Domestic violence has been elevated to a global epidemic in recent years. Domestic violence victims of closely knit and observant religious communities face a distinct set of barriers, which affects their ability and willingness to report and to cooperate with law enforcement, as well as their ability to escape the abuse. This article provides a unique window into the hidden world of domestic violence victims in communities of faith and tackles some of the complexities associated with this sensitive issue.
This one-pager is a concise summary of anonymous reporting, also known as “Jane Doe” reporting, which refers to cases in which a forensic medical examination is conducted, evidence is collected, and medical treatment is provided for a sexual assault victim who does not report the crime to law enforcement. The resource outlines how anonymous reporting works, what happens to rape kits in those case, and where to go for more information on DNA testing and anonymous reporting.
The pervasive problem of victim/witness intimidation in the criminal justice system requires a strategy for change and firm commitments from leaders and practitioners alike. This resource includes tools for practitioners to use collaboratively within their communities. These tools provide criminal justice leaders with concrete guidance to implement best practices in preventing and responding to witness intimidation. The resource defines the problem, identifies concrete solutions, and outlines a process for assessing and improving witness safety.
The passage of the Prison Rape Elimination Act (PREA) in 2003 created not only a requirement that jurisdictions prevent and respond to incidents of sexual abuse in confinement, but firmly planted sexual abuse in confinement on the list of critical issues for criminal justice system officials across the country. This resource gives an overview of the PREA standards and outlines what an appropriate response to cases of sexual abuse in confinement requires. Professionals require relevant information on the PREA Standards, an understanding of the dynamics of sexual abuse (particularly those dynamics specific to abuse in the confinement setting), and collaboration among the professionals in the jurisdiction. The criminal justice system should consider victims’ safety, privacy, and well-being throughout the process, while ensuring they have access to information and services. Such a response keeps the focus on the actions, behaviors, characteristics, and intent of the abuser.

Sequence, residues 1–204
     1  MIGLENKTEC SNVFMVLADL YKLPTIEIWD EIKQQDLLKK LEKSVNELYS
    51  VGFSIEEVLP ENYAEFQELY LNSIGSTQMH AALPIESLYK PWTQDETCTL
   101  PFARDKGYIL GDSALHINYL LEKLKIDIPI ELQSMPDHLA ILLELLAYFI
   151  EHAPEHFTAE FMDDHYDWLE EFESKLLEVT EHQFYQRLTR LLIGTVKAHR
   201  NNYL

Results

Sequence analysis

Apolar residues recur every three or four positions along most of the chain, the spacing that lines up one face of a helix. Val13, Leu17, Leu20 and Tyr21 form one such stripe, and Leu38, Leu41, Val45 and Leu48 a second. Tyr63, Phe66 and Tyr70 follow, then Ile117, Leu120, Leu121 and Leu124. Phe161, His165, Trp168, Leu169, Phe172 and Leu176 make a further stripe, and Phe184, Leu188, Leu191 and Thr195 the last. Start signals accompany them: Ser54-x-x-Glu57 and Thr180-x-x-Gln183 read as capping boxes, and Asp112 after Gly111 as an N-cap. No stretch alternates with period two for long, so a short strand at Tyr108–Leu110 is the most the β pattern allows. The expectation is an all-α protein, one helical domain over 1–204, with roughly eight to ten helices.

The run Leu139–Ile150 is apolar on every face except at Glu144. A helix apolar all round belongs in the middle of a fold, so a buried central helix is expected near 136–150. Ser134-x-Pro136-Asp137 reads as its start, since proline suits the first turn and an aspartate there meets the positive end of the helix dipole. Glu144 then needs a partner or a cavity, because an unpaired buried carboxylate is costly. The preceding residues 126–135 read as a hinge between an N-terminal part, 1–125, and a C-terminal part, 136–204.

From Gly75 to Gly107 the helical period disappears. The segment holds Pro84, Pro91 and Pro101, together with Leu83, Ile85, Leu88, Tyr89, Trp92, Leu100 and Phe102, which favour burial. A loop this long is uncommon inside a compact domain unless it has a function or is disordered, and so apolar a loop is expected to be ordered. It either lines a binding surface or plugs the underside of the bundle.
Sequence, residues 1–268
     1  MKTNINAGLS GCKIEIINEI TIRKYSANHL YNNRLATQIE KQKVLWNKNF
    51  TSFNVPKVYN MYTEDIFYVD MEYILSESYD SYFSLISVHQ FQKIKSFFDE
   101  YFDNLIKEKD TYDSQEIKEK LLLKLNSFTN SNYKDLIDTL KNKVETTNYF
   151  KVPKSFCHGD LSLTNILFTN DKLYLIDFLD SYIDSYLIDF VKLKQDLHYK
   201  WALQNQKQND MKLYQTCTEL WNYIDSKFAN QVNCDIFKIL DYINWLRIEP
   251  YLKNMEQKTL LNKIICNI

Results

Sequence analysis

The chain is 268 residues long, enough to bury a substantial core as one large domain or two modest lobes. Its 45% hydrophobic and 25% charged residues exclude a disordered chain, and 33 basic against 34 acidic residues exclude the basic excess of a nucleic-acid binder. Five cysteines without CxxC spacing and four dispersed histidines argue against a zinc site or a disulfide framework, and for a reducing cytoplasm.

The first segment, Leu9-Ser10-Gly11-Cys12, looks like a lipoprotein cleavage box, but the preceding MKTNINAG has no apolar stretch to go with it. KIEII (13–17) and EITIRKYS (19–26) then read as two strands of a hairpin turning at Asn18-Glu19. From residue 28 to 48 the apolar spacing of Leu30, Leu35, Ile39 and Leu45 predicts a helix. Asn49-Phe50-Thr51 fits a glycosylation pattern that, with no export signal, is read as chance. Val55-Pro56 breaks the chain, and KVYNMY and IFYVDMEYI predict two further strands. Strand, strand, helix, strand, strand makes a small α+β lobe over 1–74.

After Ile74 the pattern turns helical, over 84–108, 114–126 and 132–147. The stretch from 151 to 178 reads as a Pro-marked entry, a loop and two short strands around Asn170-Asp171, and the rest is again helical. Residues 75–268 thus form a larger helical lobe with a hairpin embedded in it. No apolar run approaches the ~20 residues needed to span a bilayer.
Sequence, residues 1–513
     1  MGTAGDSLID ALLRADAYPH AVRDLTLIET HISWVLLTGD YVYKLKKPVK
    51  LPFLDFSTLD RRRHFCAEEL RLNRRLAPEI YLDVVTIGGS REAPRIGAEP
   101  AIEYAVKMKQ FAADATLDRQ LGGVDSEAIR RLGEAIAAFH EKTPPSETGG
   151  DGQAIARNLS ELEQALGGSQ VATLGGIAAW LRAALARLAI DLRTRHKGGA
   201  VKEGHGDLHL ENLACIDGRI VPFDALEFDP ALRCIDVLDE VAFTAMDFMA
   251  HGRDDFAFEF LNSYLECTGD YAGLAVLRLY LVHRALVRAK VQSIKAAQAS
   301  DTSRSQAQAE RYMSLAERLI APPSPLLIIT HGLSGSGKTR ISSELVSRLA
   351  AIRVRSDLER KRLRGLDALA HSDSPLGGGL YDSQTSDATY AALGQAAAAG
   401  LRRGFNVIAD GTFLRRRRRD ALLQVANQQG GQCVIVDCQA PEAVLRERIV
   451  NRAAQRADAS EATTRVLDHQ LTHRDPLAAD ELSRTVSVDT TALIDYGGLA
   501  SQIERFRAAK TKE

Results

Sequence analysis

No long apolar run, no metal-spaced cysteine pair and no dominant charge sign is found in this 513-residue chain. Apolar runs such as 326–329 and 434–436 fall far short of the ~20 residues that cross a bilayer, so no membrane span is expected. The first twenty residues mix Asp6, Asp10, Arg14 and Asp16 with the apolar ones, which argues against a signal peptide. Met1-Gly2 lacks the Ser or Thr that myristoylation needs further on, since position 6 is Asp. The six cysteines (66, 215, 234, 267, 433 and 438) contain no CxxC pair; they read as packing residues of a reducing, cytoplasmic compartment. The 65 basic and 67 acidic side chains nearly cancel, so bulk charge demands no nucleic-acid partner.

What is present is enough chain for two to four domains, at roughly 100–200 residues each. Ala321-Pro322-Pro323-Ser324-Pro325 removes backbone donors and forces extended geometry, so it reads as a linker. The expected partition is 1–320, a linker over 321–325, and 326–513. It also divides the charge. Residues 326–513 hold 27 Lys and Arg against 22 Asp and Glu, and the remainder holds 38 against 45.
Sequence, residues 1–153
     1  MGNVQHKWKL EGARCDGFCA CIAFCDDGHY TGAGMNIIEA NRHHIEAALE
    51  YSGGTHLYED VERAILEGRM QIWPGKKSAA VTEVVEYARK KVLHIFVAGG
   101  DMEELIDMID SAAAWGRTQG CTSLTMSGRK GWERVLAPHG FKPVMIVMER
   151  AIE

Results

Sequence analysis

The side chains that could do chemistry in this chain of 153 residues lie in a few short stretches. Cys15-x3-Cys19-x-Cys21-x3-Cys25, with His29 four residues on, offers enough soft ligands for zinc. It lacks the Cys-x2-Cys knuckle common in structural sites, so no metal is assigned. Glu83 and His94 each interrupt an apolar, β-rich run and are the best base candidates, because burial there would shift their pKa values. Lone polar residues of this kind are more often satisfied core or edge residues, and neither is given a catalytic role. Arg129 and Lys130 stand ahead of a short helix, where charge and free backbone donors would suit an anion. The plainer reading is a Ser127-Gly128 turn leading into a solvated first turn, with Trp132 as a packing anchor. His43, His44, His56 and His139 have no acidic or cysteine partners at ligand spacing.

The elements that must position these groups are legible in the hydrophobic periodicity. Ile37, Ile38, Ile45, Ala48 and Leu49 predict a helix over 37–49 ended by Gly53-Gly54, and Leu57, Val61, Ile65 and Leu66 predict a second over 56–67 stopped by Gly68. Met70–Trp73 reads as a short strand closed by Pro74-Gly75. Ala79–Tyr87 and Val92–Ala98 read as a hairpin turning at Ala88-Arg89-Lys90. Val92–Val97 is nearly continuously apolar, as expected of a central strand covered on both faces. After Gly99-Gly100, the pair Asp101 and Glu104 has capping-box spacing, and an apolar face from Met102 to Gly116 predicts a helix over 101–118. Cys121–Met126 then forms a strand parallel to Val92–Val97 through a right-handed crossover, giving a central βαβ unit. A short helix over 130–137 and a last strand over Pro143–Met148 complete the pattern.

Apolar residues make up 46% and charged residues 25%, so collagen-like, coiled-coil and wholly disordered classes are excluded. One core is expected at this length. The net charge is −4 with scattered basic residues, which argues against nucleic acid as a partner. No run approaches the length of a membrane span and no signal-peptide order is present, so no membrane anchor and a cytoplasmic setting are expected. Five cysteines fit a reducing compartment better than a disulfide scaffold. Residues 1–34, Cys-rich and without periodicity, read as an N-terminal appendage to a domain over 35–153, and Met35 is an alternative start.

In 2015, the Pennsylvania Supreme Court decided Commonwealth v. Olivo, upholding, against state constitutional attack, the new Pennsylvania evidentiary statute permitting expert testimony to explain victim behavior in the prosecution of crimes of sexual violence. Previously, the courts of Pennsylvania had steadfastly resisted admission of such testimony, despite the widespread acceptance of such evidence by other courts across the country. The Pennsylvania Coalition Against Rape submitted this amicus curiae brief, with contributions by AEquitas Attorney Advisor Teresa M. Garvey, in support of the statute’s constitutionality. The brief highlights the value of expert testimony to explain victim behavior so that jurors do not base their credibility assessments on myths and misconceptions.
Stalking affects 7.5 million people in the United States a year, with 15 percent of women and 6 percent of men being stalked in their lifetime. Stalking entails repeat victimization because it constitutes a series of acts rather than a single incident and it can cause sustained and repeated emotional distress. This guide is a resource for prosecutors in stalking cases. It provides an overview of stalking and suggests best practices for prosecuting offenders. It should be used as a guide for attorneys to support their own research and for problem-solving in prosecuting these types of cases.
Witness intimidation affecting the criminal justice system can take many forms and arise in many contexts. Its presence and effects are not always self-evident, either to professionals working in the system or to the witnesses themselves. While overt threats may be easily recognized and categorized, other forms of intimidation may be subtle or disguised, or too easily overlooked in the course of responding to what has been identified as the primary criminal offense. This Field Guide to Witness Intimidation is intended to be a convenient reference to assist professionals in identifying acts of witness intimidation that may affect their work with victims and witnesses vulnerable to such pressures.